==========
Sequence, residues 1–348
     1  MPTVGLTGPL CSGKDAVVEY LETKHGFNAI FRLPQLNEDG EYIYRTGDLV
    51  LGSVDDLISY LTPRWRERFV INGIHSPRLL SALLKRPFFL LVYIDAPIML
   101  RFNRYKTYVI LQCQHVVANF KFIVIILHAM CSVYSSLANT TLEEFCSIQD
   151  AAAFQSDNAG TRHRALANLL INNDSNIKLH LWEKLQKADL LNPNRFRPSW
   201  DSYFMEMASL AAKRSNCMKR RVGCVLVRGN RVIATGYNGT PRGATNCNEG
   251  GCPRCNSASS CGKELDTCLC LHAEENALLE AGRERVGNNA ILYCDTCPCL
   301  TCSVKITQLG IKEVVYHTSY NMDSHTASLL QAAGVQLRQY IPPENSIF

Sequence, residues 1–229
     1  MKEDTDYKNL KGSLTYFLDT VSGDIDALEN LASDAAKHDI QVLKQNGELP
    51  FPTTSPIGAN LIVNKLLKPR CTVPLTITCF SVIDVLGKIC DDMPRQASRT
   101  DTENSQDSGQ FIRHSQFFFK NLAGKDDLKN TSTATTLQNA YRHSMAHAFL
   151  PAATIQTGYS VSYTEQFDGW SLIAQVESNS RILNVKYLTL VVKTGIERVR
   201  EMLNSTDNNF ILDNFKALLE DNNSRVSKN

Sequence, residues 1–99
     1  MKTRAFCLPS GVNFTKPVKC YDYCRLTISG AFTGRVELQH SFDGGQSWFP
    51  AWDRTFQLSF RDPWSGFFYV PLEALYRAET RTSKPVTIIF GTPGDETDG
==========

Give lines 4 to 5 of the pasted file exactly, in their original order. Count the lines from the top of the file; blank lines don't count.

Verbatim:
   101  RFNRYKTYVI LQCQHVVANF KFIVIILHAM CSVYSSLANT TLEEFCSIQD
   151  AAAFQSDNAG TRHRALANLL INNDSNIKLH LWEKLQKADL LNPNRFRPSW